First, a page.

Since the S-biner want to move outwards, they have to be kept in place with the knot of the bug net cord, or with some cord between them (no big forces here).
    Attached Images Attached Images

  6. #26
    Senior Member Str1der's Avatar
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    Quote Originally Posted by Pipsissewa View Post
    Maybe I'm not describing it right. I'm talking about adding 5 inch pieces of grosgrain every 16 inches to the sides of the hammock and to the sides of the underquilt. Then just tying the underquilt on to the hammock. I don't think weight could possibly be an issue and there would be no problem getting in and out of the hammock. I'm not saying it's the end-all be-all answer, but it sounds like you were getting the wrong idea. Thanks for the feedback!
    I did have the wrong image in my head. I was thinking something similar to what Shug did, but he used the shockcord like I was recomending.

    I found this video showin what I mean about the tight suspension actually lifting the hammock when empty (at app. 3 min). I don't know if that would solve the issue or not, but it's worth a try since it adds no weight or complexity at all.

    http://www.hammockforums.net/forum/s...ad.php?t=38148
    "The Road goes ever on and on,
    Down from the door where it began.
    Now far ahead the Road has gone,
    And I must follow, if I can.
    Pursuing it with eager feet
    Until it joins some larger way
    Where many paths and errands meet.
    And whither then? I cannot say."
    ~Bilbo Baggins - LotR

  7. #27
    Senior Member DemostiX's Avatar
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    Like Lewis & Clark: Wintrin' o/t Columbia again: PDX
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    One word for cheap and easy and reversible that may help you easily learn what a seal can do:

    Clothespins.

  8. #28
    Senior Member more's Avatar
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    Quote Originally Posted by DemostiX View Post
    One word for cheap and easy and reversible that may help you easily learn what a seal can do:

    Clothespins.
    I said do what, now?
    My Flickr photos Outdoors collection

  9. #29
    Senior Member DemostiX's Avatar
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    A half dozen clothespins used to clip the hem of the UQ to the hammock, holding it up and fastening the edges sothere can be no air-gap, will prove to you whether the seal and air gap are the problem. If you are as warm with the clothespins as without them, the seal they secured was already there.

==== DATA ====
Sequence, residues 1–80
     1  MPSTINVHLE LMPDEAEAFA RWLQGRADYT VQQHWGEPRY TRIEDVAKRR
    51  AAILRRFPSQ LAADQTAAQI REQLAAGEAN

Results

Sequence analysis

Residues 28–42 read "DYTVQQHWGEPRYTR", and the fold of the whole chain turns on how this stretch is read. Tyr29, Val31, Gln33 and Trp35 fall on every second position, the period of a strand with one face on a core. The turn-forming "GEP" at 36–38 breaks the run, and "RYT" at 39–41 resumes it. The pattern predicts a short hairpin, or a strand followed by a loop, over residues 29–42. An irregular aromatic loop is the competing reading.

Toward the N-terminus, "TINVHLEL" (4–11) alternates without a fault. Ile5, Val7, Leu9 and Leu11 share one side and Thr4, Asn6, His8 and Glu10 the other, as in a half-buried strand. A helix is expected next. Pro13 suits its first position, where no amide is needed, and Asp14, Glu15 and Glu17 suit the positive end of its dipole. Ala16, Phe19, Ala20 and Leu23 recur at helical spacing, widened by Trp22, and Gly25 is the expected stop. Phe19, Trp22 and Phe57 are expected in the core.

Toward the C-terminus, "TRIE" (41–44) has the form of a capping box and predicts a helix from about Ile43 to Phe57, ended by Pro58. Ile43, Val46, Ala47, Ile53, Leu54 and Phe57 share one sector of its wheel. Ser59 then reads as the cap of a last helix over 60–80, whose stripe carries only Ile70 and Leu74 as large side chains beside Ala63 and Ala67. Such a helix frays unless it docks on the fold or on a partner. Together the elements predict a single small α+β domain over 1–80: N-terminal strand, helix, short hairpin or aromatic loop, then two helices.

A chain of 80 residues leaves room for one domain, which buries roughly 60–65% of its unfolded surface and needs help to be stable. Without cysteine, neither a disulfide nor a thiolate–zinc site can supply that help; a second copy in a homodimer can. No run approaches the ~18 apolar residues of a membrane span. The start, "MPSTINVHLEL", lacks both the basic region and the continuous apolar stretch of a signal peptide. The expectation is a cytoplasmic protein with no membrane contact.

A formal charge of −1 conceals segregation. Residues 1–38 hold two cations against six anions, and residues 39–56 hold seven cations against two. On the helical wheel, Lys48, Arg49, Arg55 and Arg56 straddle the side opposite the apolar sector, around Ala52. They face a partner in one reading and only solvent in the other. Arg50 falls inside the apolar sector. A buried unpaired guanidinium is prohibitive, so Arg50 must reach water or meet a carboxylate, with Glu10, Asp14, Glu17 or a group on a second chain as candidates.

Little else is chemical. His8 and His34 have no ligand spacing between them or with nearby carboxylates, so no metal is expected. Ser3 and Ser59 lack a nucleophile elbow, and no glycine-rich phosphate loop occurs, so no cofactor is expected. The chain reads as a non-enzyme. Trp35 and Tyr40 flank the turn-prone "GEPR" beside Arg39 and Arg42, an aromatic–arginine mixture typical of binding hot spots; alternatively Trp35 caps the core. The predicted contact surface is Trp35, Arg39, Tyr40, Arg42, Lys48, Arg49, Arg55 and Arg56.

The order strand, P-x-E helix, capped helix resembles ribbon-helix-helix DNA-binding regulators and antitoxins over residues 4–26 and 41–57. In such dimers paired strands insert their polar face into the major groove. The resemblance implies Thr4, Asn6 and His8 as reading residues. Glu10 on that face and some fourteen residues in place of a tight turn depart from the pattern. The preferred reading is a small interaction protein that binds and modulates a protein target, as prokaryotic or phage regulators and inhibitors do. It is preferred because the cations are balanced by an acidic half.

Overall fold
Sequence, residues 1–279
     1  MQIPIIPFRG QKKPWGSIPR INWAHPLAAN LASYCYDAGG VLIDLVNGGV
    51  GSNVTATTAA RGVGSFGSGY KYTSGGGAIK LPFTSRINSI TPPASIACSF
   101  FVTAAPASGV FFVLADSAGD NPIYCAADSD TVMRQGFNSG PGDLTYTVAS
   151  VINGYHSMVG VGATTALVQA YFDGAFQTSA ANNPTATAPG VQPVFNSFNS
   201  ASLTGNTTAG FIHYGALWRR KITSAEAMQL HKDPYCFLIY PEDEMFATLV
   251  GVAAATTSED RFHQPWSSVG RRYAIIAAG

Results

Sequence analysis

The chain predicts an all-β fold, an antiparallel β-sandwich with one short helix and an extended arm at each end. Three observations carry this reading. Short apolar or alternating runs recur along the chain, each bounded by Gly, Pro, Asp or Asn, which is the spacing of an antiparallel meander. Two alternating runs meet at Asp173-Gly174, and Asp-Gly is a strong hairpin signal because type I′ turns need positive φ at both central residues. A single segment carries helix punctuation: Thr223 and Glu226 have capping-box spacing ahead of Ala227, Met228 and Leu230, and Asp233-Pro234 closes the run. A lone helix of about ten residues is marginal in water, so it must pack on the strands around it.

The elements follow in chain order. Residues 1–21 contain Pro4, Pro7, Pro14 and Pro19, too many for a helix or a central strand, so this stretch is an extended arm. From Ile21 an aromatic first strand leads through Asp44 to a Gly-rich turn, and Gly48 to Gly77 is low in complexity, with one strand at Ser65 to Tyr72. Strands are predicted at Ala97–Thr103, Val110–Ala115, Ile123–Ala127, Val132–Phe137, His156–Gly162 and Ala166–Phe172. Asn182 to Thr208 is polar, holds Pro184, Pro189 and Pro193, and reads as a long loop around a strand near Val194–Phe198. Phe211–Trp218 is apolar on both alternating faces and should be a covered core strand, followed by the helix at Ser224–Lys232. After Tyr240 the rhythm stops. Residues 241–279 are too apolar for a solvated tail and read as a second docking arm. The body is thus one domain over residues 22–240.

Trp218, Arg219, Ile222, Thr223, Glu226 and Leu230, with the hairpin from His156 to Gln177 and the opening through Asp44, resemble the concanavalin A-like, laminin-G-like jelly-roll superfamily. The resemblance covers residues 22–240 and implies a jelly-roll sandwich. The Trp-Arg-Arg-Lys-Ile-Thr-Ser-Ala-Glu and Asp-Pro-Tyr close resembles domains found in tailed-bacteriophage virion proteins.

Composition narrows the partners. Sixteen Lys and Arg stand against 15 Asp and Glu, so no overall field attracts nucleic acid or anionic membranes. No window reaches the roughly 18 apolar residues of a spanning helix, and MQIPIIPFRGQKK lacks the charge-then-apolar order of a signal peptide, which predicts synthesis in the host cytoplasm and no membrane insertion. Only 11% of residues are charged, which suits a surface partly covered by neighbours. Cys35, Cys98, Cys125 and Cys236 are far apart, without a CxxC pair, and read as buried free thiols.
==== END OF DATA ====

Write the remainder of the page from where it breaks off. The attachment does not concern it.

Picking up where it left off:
I will not forget Knottie's expierience-led advice as a reassurance: Expanding: You are as easily and likely to well figure out by yourself --and only with yourself --how to hang your underquilt as you are to give the back of your head a good haircut with the use of mirrors or turn around to watch your shadow leave a room. ie. Get a friend. Walk around and study the fit with her in the hmmck. Adjust. Learn. Switch places. Listen. Tune. The object is to see that it can get hung so there is no need for those clothespins.

    Paul of AHE has infinitely more experience in this than I do. Looking at hammocks and the furrows, I have my doubts that everyone is as well served by UQs without gaskets -- what are called "draft tubes" on sleeping bags -- but the hmmck world has told me my sense of it is wrong. I freely admit I have not visited even one occupied hammock with an UQ under it except for my own. And I can inspect it as the occupant no better than I can give myself a haircut in a mirror.

    I hang and depend every night on an AHE 2/3 Lost River synth UQ to be insulated underneath. I think I'm better off with the foot end cord up over the hood of the Clark, about where one of Paul's triangle thingies would be on other hammocks. For the head end, I am arresting drift of the shock cord and UQ with keepers, long Velcro ties I keep attached to tie-out loops on the Clark.

  10. #30
    Senior Member ljcsov's Avatar
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    Quote Originally Posted by Oskar View Post
    I'm having a small problem with my Jarbridge UQ (but I think it's a configuration problem, not a problem with the UQ itself).

    I set everything up and tighten the shock cord on the UQ, I even wrap the shock cord around the lock to prevent it from slipping.

    But during the night, the UQ slips down and there's an air gap between the hammock and the UQ. Even though the air there is warm (when I stick my hand down), the hammock gets cool/cold (lower back and thighs). I even tried a piece of string over the ridge line to keep the UQ up, but that didn't help. From what I can see. the lenght of the shock cord is the same (i.e. no slip through the cord lock)

    I'm using a DD Frontline. The UQ is clipped to the whoopie slings as close to the hammock as possible.

    I don't really know where to start adjusting. I was thinking that maybe the sag wasn't enough, but the CRL is as short as possible. Do I have to have more tension on the UQ's suspension (which seems hard to accomplish without the shock cord slipping)?

    Any ideas?
    I just made a DIY hammock and I was having this issue. I do not know much about this UQ, but I fixed my issue by sewing in elastic across the width on either end. The elastic now allows the UQ to cling to my hammock and creates a nice seal.